Honorary degree citation
Pennsylvania State University Paterno Family Professor in Literature
Your impact on higher education goes beyond your many writings on cultural studies, literature, disability rights, and politics to the heart and soul of liberal arts education today. You have defended academic freedom as one of the hallmarks of an open society and the intellectual legacies of the Enlightenment.
After graduating from Columbia University and receiving your Ph.D. from University of Virginia, you became widely known as an intellectual commentator, writing accessible books and essays that countered the attacks of academy-bashers with wit and acumen.
In 1997, you were founding director for the Illinois Program for Research in the Humanities, at University of Illinois at Urbana-Champaign, which promoted interdisciplinary studies in the humanities, arts and social sciences. Then in 2001 you joined the English faculty at Penn State University, where you teach literature, cultural studies, and disability studies.
You have written more than 150 essays and six books, the most recent being Rhetorical Occassions: Essays on Humans and the Humanities and What's Liberal about the Liberal Arts? Classroom Politics and "Bias" in Higher Education. You are also the author of a popular blog, where you comment on everything from politics to popular music to the delight of your avid audience.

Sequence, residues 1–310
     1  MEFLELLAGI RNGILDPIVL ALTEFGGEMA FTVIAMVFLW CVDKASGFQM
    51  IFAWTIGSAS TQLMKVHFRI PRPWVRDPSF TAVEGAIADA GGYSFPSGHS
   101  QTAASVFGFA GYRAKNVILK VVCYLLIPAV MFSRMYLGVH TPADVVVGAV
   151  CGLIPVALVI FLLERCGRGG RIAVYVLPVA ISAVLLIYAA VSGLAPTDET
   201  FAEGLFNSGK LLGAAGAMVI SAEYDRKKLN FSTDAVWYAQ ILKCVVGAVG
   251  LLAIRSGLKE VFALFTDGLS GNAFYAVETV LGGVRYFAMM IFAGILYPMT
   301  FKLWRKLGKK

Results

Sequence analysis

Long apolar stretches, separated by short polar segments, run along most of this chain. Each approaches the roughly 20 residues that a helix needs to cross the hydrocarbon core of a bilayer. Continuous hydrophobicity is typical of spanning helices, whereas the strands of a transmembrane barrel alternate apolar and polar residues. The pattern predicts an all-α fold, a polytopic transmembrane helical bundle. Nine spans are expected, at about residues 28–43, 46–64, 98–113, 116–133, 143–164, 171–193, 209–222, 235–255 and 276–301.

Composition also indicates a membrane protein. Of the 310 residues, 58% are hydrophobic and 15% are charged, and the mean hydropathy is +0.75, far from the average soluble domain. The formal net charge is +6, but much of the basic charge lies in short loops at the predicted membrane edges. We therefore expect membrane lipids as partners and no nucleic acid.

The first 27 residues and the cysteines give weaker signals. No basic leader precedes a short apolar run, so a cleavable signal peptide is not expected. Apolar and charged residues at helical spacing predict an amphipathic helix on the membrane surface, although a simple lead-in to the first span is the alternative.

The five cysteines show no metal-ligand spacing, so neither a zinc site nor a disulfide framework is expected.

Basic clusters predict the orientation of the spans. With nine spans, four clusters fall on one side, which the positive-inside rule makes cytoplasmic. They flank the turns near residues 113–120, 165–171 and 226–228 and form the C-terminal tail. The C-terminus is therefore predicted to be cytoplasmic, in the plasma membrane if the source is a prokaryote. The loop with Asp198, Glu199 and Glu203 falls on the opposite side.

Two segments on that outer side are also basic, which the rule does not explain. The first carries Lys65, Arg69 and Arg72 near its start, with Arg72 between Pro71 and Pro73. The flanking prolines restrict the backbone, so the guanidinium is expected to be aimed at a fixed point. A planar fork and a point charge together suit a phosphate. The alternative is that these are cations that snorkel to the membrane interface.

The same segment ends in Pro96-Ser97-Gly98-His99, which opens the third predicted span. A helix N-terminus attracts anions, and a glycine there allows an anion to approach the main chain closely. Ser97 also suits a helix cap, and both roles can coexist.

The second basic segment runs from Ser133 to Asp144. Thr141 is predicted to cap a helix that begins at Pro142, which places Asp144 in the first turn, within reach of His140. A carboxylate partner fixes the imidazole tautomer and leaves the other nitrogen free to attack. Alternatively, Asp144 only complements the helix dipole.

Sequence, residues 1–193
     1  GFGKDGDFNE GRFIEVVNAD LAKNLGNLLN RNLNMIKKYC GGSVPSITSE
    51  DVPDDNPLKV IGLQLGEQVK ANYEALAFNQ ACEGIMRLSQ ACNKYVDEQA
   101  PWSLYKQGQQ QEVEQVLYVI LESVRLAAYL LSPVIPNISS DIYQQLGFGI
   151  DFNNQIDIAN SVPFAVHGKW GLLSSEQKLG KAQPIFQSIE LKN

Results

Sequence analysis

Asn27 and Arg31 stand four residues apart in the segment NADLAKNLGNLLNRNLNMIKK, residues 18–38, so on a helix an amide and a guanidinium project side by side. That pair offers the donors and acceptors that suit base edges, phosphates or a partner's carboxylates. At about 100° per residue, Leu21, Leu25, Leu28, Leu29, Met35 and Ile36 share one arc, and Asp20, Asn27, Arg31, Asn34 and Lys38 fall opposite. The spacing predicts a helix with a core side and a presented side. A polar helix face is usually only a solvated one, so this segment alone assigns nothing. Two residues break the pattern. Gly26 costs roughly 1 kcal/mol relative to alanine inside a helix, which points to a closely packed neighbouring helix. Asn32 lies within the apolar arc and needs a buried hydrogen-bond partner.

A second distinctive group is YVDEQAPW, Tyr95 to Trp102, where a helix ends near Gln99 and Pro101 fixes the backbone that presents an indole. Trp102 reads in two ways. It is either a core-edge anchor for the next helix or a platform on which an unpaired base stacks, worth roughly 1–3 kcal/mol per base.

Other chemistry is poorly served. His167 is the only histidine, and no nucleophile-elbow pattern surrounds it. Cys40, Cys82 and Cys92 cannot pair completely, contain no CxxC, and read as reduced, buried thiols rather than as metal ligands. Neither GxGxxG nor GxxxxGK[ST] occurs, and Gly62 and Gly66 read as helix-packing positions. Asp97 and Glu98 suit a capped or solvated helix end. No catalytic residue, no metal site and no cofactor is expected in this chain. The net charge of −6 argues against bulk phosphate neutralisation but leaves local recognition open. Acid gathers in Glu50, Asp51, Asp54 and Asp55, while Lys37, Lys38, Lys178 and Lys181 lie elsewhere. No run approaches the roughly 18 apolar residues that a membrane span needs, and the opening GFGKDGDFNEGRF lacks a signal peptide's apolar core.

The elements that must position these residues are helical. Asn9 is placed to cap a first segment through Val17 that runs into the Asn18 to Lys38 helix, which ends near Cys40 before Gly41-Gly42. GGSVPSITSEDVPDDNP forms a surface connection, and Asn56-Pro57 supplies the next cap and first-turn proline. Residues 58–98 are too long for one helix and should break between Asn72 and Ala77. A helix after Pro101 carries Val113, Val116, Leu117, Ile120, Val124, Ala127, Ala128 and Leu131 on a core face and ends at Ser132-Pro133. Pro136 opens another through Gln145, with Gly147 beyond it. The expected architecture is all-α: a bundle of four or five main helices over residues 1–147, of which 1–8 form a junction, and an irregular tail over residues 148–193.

In 2006, you were named one of the "101 Most Dangerous Academics in America" by conservative activist David Horowitz. Rather than shunning the attention, you have openly, one could even say gleefully, engaged Horowitz to debate his proposed reforms.
You are also well known as an advocate of people with disabilities, stemming partly from experiences with your son Jamie, who has Down Syndrome. Your book, Life As We Know It: A Father, A Family, and an Exceptional Child, was a New York Times Notable Book of the Year in 1996 and was chosen as one of the best books of the year on National Public Radio. Through your personal insights and articulate views, including co-directing the new disabilities studies program at Penn State, you have shown us how to "see" beyond disabilities and how this can in turn change our vision of society and ourselves.
Roger Bowen, former general secretary of the American Association of University Professors, said that you "remind us, with insight, wisdom and good humor, why a liberal temperament-intellectually open, seriously self-reflective and critically minded-should always be at the heart of the academic experience."
Your eloquent perspective resonates with academic ideals upheld here at Marlboro and is a tribute to the continued relevance and vitality of liberal arts education in America.
Michael Bérubé, it is our pleasure to confer upon you the degree: Doctor of Humane Letters